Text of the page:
government, bringing a degree of modernity to a country which is
still medieval in many ways. Women have the most gain from this.
Resistance by the war lords leads to the the "Russian Vietnam." In
the Cold War context, the US aids the Taliban despite their
religious fundamentalism. The role of Osama Ben Laden in this war.
Russia withdraws and the Taliban come to power imposing a medieval
form of government, with repression of women.
Persian Gulf War.
Tension between Iraq and Kuwait, a small country rich in oil, over
control of its outlet port. How Kuwait's personal insults to
Saddam, and the American Ambassador's neutral comment about Saddam's
intentions influence the start of war. The US intervenes and easily
defeats the Iraqi army. The question of stopping at that point
versus a regime change. Dick Cheney advises against regime change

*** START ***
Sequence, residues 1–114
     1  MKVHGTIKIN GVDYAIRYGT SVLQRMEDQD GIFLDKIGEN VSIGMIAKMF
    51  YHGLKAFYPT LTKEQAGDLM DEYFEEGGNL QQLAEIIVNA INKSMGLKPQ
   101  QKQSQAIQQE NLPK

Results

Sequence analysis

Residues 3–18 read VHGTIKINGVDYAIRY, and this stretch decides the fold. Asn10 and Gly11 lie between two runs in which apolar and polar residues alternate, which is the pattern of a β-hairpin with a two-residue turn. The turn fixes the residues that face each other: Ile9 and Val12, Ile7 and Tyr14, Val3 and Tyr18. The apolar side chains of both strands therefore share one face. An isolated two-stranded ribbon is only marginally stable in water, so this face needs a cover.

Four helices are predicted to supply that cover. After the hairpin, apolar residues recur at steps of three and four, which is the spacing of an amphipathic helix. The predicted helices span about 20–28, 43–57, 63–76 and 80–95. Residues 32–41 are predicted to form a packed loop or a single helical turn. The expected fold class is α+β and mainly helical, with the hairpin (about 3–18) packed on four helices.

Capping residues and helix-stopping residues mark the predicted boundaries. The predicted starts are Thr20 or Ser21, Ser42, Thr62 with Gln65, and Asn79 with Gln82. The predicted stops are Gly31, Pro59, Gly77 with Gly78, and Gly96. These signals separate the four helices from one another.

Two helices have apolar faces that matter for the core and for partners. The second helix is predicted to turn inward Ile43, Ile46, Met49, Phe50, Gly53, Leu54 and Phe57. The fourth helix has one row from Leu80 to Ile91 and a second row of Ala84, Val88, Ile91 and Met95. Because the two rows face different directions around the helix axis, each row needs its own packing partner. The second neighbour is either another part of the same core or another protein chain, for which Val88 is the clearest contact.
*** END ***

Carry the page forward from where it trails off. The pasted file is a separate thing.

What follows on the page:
with the prospect of the quagmire of urban guerilla warfare in
Baghdad, but instead, to allow a weakened Saddam counter the
fundamentalists. The Kurds in the North, long struggling for
independence, are encouraged by the US to rise up. When they do,
the US does not help and they are crushed by Saddam. The
international embargo affects mostly the Iraqi people.
The fundamentalists in the Middle East see Israel as its arch
enemy. The classic anti-Semitism rages in the region.
Second Persian Gulf War.
Bush, the son, and his neo-conservative advisors, have a world view
of American dominance. Further motivation is America's economic